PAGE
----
What’s the Story 28.05.2017

They say everybody loves a story. I think this is true. From when we were small children the idea of being told a story was very attractive to us. The bedtime story that soothed us to sleep, or the first stories that we read for ourselves, are logged somewhere in our memory. Perhaps there was a time in our lives when we liked stories that frightened us, perhaps now we would prefer to be comforted. Some stories make us cry, some make us laugh, some shock us and some leave us wide eyed. However most of us find it hard to resist the story. In any address, including the sermon, when we move into telling the story, heads begin to lift, people begin to re-focus and the quality of listening increases. On the surface the acts of both telling a story and the listening to a story, are very simple and yet there is much more to both. There has been much written on story including from cultural, psychological and sociological perspectives. The huge mushroom of interest in genealogy and all aspects of the family tree, including by the way the notion of the family tree in need of healing, is rooted deep within us. This search is more than a quest to know who our great aunt Susan was, though it may include that, and more about a need to know who am I, where do I come from and to whom do I belong? In other words what is my story?

I have met people, and indeed if I am honest about it, I include myself among them, who have embarked on the journey to discover and unpack their family story with a jaunty joviality only to find themselves in deeper water than they could have imagined. The simple curiosity to discover a rich or famous relative gradually gives way to something totally different when we plunge into the mess of the human story. In any sustained genealogical search we quickly find ourselves in the rich mix of joy and pain. In my case a fairly light desire to find out a little more about a much loved grandmother has led me to encounters with a whole array of interesting characters whom I now delight in, not least of all because they are family. The sad, the happy, the brave, the cowardly, the ordinary and the extraordinary I enjoy, and give thanks for them all. They are part of me. Over the generations their decisions, actions and choices ripple out to me. I am part of them. With the passing years I am taking my place in this sprawling family tree. Soon I will be a forefather, an ancestor. Soon others will look at my choices and decisions and perhaps smile or frown, or at the very least wonder about great, or more unambiguously, grand uncle Joe, the priest. What will be my legacy? My influence? If any? Is there a sense when one does not have children that these questions become more pressing?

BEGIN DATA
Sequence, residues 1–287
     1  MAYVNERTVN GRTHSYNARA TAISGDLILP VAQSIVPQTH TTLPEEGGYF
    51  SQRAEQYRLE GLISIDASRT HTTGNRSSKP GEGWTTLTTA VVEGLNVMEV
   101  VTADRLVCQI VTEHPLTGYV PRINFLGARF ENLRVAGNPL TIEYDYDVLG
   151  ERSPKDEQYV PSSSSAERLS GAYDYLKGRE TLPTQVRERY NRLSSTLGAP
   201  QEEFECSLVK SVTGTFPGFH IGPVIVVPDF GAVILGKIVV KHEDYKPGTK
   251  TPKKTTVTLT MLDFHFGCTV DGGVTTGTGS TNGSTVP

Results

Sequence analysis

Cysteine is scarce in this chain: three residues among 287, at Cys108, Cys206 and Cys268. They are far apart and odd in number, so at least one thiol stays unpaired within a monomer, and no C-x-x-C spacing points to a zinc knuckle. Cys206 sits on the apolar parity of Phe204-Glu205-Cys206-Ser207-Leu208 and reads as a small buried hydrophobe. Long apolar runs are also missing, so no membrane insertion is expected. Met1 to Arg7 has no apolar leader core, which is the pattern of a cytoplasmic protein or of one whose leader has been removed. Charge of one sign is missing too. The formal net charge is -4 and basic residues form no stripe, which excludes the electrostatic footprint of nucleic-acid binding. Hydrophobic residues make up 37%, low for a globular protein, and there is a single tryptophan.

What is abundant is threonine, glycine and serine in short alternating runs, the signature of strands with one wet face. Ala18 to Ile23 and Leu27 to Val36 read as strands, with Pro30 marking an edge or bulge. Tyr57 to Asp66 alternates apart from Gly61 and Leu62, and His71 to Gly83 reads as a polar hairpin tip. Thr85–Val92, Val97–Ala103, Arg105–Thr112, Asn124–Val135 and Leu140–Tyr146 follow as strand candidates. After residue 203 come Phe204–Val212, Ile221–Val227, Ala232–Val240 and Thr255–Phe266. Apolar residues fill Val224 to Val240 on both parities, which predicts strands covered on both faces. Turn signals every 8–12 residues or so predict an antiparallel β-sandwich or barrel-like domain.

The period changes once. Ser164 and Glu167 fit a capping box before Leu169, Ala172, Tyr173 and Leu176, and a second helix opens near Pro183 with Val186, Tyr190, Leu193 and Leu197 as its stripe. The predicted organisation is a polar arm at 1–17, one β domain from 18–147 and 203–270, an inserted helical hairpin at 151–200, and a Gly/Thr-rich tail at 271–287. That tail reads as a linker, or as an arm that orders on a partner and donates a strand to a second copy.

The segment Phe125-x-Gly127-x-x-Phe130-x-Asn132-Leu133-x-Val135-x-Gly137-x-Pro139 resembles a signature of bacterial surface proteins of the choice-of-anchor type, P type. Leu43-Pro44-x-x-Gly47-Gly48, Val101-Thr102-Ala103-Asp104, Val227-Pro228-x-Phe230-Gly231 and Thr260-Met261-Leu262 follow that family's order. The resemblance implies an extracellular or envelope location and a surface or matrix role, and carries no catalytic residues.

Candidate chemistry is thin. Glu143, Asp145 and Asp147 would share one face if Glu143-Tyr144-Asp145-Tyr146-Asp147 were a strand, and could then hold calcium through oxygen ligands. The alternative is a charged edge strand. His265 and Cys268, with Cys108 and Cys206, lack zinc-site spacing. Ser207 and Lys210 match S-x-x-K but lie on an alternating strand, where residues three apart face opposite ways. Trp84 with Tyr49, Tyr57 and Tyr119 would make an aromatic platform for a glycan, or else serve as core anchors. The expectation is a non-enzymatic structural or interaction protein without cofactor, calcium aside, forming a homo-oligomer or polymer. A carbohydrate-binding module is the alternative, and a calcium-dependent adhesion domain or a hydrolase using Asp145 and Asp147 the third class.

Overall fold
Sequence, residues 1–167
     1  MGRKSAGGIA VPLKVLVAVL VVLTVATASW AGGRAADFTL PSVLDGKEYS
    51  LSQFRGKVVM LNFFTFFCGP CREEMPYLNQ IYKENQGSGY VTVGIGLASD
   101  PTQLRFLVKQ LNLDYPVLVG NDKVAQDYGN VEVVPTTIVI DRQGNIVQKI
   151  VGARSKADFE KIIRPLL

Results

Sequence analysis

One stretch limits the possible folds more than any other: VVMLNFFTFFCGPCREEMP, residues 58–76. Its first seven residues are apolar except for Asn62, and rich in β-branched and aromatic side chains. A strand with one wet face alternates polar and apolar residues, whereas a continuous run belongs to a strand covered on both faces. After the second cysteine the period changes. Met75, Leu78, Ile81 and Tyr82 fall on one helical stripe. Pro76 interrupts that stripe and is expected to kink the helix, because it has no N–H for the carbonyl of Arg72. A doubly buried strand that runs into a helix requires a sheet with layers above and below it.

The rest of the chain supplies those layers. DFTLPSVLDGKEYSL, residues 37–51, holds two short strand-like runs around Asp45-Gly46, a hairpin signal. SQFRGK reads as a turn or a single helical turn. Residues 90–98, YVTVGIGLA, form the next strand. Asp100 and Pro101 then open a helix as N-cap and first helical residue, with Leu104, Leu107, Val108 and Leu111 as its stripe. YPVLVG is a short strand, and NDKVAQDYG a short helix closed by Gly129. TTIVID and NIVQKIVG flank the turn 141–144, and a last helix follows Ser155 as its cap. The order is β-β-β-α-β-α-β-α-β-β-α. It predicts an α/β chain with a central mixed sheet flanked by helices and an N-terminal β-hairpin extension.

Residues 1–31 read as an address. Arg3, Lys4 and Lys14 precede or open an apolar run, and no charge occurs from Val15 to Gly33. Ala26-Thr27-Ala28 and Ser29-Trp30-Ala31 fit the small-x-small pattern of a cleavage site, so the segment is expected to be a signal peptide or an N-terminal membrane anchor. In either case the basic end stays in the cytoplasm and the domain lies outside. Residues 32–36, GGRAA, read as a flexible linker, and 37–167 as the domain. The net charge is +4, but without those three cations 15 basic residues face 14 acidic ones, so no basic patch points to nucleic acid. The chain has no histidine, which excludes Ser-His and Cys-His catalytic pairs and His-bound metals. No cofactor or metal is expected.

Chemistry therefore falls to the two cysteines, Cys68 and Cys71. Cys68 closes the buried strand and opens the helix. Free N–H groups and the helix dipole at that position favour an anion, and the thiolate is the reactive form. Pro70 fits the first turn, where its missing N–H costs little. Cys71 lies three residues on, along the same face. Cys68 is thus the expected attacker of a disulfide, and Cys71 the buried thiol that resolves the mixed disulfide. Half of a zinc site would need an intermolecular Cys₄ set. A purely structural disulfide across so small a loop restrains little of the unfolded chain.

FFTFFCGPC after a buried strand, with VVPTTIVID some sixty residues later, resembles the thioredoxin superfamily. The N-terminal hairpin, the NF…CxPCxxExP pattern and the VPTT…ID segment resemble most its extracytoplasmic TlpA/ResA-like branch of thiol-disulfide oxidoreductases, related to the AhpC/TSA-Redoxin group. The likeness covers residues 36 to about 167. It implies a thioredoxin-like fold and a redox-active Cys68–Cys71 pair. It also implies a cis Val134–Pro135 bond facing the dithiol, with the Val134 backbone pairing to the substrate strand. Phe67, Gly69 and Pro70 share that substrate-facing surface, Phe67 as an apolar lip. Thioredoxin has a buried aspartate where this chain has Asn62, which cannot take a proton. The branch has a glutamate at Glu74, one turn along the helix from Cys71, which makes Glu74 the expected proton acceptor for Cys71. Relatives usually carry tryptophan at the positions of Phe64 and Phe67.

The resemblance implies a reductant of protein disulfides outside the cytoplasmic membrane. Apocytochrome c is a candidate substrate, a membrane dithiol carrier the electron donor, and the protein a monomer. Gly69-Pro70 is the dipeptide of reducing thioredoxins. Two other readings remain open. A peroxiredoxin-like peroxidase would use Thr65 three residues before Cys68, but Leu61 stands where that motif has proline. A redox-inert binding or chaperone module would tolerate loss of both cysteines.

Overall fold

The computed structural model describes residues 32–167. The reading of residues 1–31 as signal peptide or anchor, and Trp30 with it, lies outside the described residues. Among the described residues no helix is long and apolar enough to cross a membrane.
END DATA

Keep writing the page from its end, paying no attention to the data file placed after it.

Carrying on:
It is not only fascinating, but spiritually very good for us to reflect on our own story. This will seem to many a complete waste of time. An exercise in useless navel gazing. If you can, I would ask you to bear with me. If you can trust me there is something very rich here. The way I think of it is like this, we are our story. We are both the accumulation of all our past events, people and places, and we are also the wonderful as yet un-lived potential of our lives. A very exciting part of this is to reflect back on our lives and see God in it. God in the middle of our lives yes, but God on the edge of our lives and indeed sometimes God invisible in our lives as well. In addition to all the times when his presence was obvious, what about the times when you could neither see nor hear him? What about the times when you felt he had abandoned you? Could it be that he was so involved in the mess of life with you, could it be that he was there in the middle of it all, as you looked around for him?

At this stage in my life I am beginning to understand that the best way of understanding my evolving story is in the light of the Sacred Story. Put another way I can best understand my loneliness and pain when I look at it from the perspective of Gethsemane and Golgotha. Looked at from this standpoint I begin to grapple with the context and meaning. The Jesus Event, by which I mean his birth, life, death and resurrection, changed life forever, as in changed lives forever. I mean yours and mine. So there’s no time like the present. Go to a quiet place, light a candle and ask God’s Holy Spirit not to leave us orphans and to open our hearts and minds to be able to see God’s presence active in our lives. Take your life and divide into five or ten year chunks, e.g: birth to five years and so on. For each section ask where was God in it? With whom, within the period, did I experience unconditional love? Where did I think God was missing? Was he? Prepare to be surprised!

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